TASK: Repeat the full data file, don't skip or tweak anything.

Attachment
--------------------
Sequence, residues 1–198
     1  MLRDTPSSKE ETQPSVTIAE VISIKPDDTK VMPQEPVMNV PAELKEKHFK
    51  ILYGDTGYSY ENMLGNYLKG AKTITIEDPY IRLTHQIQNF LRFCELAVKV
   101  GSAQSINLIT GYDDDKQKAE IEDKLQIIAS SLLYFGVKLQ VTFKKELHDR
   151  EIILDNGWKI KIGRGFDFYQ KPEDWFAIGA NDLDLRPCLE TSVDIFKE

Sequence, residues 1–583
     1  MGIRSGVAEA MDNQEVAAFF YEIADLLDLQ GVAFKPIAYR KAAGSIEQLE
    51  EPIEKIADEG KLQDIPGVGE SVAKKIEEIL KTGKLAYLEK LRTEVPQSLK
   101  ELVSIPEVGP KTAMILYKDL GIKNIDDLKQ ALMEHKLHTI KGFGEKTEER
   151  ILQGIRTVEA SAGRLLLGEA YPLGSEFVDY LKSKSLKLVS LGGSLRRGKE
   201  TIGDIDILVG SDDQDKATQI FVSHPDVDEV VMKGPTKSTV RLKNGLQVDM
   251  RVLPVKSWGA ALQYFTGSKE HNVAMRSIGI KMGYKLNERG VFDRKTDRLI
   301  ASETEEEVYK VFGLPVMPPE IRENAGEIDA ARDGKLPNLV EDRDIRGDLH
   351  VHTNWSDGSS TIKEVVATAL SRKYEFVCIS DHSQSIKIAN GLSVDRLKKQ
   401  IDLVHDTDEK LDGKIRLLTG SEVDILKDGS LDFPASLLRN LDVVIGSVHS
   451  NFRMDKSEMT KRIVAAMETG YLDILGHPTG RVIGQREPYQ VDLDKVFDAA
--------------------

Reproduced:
Sequence, residues 1–198
     1  MLRDTPSSKE ETQPSVTIAE VISIKPDDTK VMPQEPVMNV PAELKEKHFK
    51  ILYGDTGYSY ENMLGNYLKG AKTITIEDPY IRLTHQIQNF LRFCELAVKV
   101  GSAQSINLIT GYDDDKQKAE IEDKLQIIAS SLLYFGVKLQ VTFKKELHDR
   151  EIILDNGWKI KIGRGFDFYQ KPEDWFAIGA NDLDLRPCLE TSVDIFKE

Sequence, residues 1–583
     1  MGIRSGVAEA MDNQEVAAFF YEIADLLDLQ GVAFKPIAYR KAAGSIEQLE
    51  EPIEKIADEG KLQDIPGVGE SVAKKIEEIL KTGKLAYLEK LRTEVPQSLK
   101  ELVSIPEVGP KTAMILYKDL GIKNIDDLKQ ALMEHKLHTI KGFGEKTEER
   151  ILQGIRTVEA SAGRLLLGEA YPLGSEFVDY LKSKSLKLVS LGGSLRRGKE
   201  TIGDIDILVG SDDQDKATQI FVSHPDVDEV VMKGPTKSTV RLKNGLQVDM
   251  RVLPVKSWGA ALQYFTGSKE HNVAMRSIGI KMGYKLNERG VFDRKTDRLI
   301  ASETEEEVYK VFGLPVMPPE IRENAGEIDA ARDGKLPNLV EDRDIRGDLH
   351  VHTNWSDGSS TIKEVVATAL SRKYEFVCIS DHSQSIKIAN GLSVDRLKKQ
   401  IDLVHDTDEK LDGKIRLLTG SEVDILKDGS LDFPASLLRN LDVVIGSVHS
   451  NFRMDKSEMT KRIVAAMETG YLDILGHPTG RVIGQREPYQ VDLDKVFDAA